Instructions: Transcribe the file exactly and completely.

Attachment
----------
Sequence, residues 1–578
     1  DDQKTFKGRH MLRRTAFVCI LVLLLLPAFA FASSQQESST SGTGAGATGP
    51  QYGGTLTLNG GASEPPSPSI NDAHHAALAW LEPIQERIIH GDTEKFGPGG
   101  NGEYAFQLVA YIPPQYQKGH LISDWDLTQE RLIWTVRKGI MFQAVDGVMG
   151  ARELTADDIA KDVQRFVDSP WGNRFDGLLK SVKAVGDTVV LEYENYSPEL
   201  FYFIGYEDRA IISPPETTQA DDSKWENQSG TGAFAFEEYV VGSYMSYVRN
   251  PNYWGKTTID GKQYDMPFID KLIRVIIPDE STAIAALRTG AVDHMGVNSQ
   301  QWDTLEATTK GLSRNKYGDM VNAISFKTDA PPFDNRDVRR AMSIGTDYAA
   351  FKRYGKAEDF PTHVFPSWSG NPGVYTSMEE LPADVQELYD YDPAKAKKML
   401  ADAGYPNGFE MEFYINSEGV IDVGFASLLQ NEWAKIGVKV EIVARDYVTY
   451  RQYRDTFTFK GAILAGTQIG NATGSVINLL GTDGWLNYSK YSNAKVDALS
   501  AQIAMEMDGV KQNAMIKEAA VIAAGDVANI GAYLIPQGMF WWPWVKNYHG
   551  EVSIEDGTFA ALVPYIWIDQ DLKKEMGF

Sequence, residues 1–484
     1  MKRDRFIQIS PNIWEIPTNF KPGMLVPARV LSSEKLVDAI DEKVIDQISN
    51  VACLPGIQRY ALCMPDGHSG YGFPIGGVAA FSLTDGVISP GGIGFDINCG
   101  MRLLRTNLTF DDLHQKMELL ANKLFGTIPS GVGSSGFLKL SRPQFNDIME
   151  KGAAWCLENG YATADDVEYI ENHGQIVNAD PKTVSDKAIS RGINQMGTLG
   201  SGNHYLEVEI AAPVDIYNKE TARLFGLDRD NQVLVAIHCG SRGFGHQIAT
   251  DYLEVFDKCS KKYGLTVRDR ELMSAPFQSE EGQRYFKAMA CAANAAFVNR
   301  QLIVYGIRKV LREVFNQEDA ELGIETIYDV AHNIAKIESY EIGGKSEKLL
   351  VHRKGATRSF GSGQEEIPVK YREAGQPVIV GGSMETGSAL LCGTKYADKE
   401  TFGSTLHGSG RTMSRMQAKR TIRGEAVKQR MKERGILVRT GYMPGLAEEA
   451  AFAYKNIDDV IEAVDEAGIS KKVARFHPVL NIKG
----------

Sequence, residues 1–578
     1  DDQKTFKGRH MLRRTAFVCI LVLLLLPAFA FASSQQESST SGTGAGATGP
    51  QYGGTLTLNG GASEPPSPSI NDAHHAALAW LEPIQERIIH GDTEKFGPGG
   101  NGEYAFQLVA YIPPQYQKGH LISDWDLTQE RLIWTVRKGI MFQAVDGVMG
   151  ARELTADDIA KDVQRFVDSP WGNRFDGLLK SVKAVGDTVV LEYENYSPEL
   201  FYFIGYEDRA IISPPETTQA DDSKWENQSG TGAFAFEEYV VGSYMSYVRN
   251  PNYWGKTTID GKQYDMPFID KLIRVIIPDE STAIAALRTG AVDHMGVNSQ
   301  QWDTLEATTK GLSRNKYGDM VNAISFKTDA PPFDNRDVRR AMSIGTDYAA
   351  FKRYGKAEDF PTHVFPSWSG NPGVYTSMEE LPADVQELYD YDPAKAKKML
   401  ADAGYPNGFE MEFYINSEGV IDVGFASLLQ NEWAKIGVKV EIVARDYVTY
   451  RQYRDTFTFK GAILAGTQIG NATGSVINLL GTDGWLNYSK YSNAKVDALS
   501  AQIAMEMDGV KQNAMIKEAA VIAAGDVANI GAYLIPQGMF WWPWVKNYHG
   551  EVSIEDGTFA ALVPYIWIDQ DLKKEMGF

Sequence, residues 1–484
     1  MKRDRFIQIS PNIWEIPTNF KPGMLVPARV LSSEKLVDAI DEKVIDQISN
    51  VACLPGIQRY ALCMPDGHSG YGFPIGGVAA FSLTDGVISP GGIGFDINCG
   101  MRLLRTNLTF DDLHQKMELL ANKLFGTIPS GVGSSGFLKL SRPQFNDIME
   151  KGAAWCLENG YATADDVEYI ENHGQIVNAD PKTVSDKAIS RGINQMGTLG
   201  SGNHYLEVEI AAPVDIYNKE TARLFGLDRD NQVLVAIHCG SRGFGHQIAT
   251  DYLEVFDKCS KKYGLTVRDR ELMSAPFQSE EGQRYFKAMA CAANAAFVNR
   301  QLIVYGIRKV LREVFNQEDA ELGIETIYDV AHNIAKIESY EIGGKSEKLL
   351  VHRKGATRSF GSGQEEIPVK YREAGQPVIV GGSMETGSAL LCGTKYADKE
   401  TFGSTLHGSG RTMSRMQAKR TIRGEAVKQR MKERGILVRT GYMPGLAEEA
   451  AFAYKNIDDV IEAVDEAGIS KKVARFHPVL NIKG